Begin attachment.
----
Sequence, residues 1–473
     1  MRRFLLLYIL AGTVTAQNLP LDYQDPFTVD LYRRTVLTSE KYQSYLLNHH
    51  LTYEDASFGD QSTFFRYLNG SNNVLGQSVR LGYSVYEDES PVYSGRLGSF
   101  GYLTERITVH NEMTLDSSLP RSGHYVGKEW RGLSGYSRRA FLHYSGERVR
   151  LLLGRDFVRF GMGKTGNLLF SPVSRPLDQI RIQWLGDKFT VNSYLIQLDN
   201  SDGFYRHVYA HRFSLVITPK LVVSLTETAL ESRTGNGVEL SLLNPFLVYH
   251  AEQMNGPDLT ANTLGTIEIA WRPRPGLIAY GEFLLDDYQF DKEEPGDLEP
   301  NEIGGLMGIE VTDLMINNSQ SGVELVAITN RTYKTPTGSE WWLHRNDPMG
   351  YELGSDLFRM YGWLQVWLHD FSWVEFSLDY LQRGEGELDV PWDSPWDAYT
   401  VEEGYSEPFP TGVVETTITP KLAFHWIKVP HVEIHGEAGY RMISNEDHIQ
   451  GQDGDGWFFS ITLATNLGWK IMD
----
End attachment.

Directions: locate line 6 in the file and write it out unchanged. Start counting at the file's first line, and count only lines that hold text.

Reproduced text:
   201  SDGFYRHVYA HRFSLVITPK LVVSLTETAL ESRTGNGVEL SLLNPFLVYH